Find your next favorite book

Become a member today and read free for 30 days
English Children's Costume 1775-1920

English Children's Costume 1775-1920

Read preview

English Children's Costume 1775-1920

Length:
106 pages
43 minutes
Released:
Dec 25, 2012
ISBN:
9780486147314
Format:
Book

Description

Late in the 18th century, English children's apparel began to look different from that worn by their elders. The reason, says writer James Laver in his introduction, is that someone finally realized children were different! This engaging book records those changes, with illustrations depicting styles at five- or ten-year intervals, from 1775 to 1920. 32 black-and-white illustrations.
Released:
Dec 25, 2012
ISBN:
9780486147314
Format:
Book

About the author


Related to English Children's Costume 1775-1920

Titles In This Series (60)

Related Books

Related Articles

Book Preview

English Children's Costume 1775-1920 - Iris Brooke

1855

Bibliographical Note

This Dover edition, first published in 2003, is an unabridged republication of the work originally published in 1930 by A. & C. Black, Ltd., London. The eight full-color plates are reproduced in black and white in their original positions in the book, as well as shown in color on the covers in somewhat reduced form.

Library of Congress Cataloging-in-Publication Data

Brooke, Iris.

[English children’s costume since 1775]

English children’s costume, 1775-1920 / drawn and described by Iris Brooke; with an introduction by James Laver.

p. cm.

Originally published: English children’s costume since 1775. London : A. & - C. Black, 1930.

9780486147314

1. Children’s costume—History. 2. Costume—Great Britain—History. I. Title.

GT1730.B7B76 2003

646.4’78—dc21

2003053283

Manufactured in the United States of America

Dover Publications, Inc., 31 East 2nd Street, Mineola, N.Y. 11501

Table of Contents

Title Page

Copyright Page

INTRODUCTION

AUTHOR’S PREFACE

1775

1775—1795

1795

1800

1800—1805

1805—1810

1810

1810—1815

1815—1820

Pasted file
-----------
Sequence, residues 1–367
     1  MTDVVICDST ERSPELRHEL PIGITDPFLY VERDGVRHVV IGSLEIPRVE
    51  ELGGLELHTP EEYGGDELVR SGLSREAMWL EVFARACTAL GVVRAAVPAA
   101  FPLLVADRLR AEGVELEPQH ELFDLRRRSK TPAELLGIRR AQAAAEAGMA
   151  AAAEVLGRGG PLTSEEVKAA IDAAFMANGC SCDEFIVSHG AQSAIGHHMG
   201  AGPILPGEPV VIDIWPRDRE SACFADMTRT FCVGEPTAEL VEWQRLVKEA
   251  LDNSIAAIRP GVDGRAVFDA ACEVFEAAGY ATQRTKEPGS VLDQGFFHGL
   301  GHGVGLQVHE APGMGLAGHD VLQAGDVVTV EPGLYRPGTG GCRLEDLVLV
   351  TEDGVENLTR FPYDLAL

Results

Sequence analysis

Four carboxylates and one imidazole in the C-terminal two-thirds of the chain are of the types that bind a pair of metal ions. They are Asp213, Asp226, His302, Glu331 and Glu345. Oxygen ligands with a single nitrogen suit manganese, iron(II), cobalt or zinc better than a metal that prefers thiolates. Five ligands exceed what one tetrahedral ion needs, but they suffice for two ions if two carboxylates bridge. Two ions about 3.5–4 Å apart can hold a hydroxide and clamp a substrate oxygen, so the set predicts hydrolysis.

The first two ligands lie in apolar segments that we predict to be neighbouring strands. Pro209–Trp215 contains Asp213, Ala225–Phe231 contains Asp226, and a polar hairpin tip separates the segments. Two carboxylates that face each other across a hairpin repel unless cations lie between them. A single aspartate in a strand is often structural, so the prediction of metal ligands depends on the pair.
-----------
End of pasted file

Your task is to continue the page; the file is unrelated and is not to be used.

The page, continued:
1820

1820—1825

1825—1830

1830

1830—1835

1835—1840

1840

1840—1845

1845—1850

1850

1850—1855

1855—1860

1860

1860—1865

1865—1870

1870

1870—1875

1875—1880

1880

1880—1885

1885—1890

1890

1890—1895

1895—1900

1900

1900—1905

1905—1910

1910

1910—1915

1915—1920

A CATALOG OF SELECTED DOVER BOOKS IN ALL FIELDS OF INTEREST

INTRODUCTION

IT is no accident that the third quarter of the eighteenth century is the period when the costume of children begins to be distinguishable from that of their elders. In previous ages children had not been looked upon as children, but as incomplete and inferior men and women, wicked by natural impulse and not yet capable of restraining their inevitable tendency to evil by the help of reason and experience. But towards the end of the eighteenth century the rigour of theological dogma had broken down. The doctrine of Original Sin gave place to the notion that man was born free, and is now everywhere in chains. Man came to be looked upon as a radiant being spoiled by civilisation. His faults were the faults of the world in which he lived, his virtues were all his own.

The results of such a doctrine were both good and evil, and the impulse which induced Rousseau to glorify the noble savage and Marie Antoinette to play at being a milkmaid led inevitably to many incongruous but connected things : a new humanitarianism, a new sentimentality, the reformation of prisons, the abolition of slavery, and the deification of the child.

The notion that children are necessarily better than their elders we need not believe, especially since Freud and his friends have let us into the secret of the awful things that children think ; but the belief that they are different is surely pure gain. If the distinction has been blurred in our own day it is less because children are expected to behave like adults than because adults are so willing to behave like children. The modern passion for sport of all kinds, whatever its benefits, is essentially part of the victory of the child. The early eighteenth-century child could not play in comfort because he was dressed like his father in periwig, long coat, and sword; the twentieth-century man, when he wishes to play, is compelled to dress like his son. Indeed, until the recent, and perhaps temporary, reaction towards longer skirts, there was a general tendency to make the dress of adults of both sexes more and more like the dress of children.

This tendency has made itself felt ever since there was a special children’s dress at all. As Miss Brooke points out (and her charming drawings tell the same tale), boys

You've reached the end of this preview. Sign up to read more!
Page 1 of 1

Reviews

What people think about English Children's Costume 1775-1920

0
0 ratings / 0 Reviews
What did you think?
Rating: 0 out of 5 stars

Reader reviews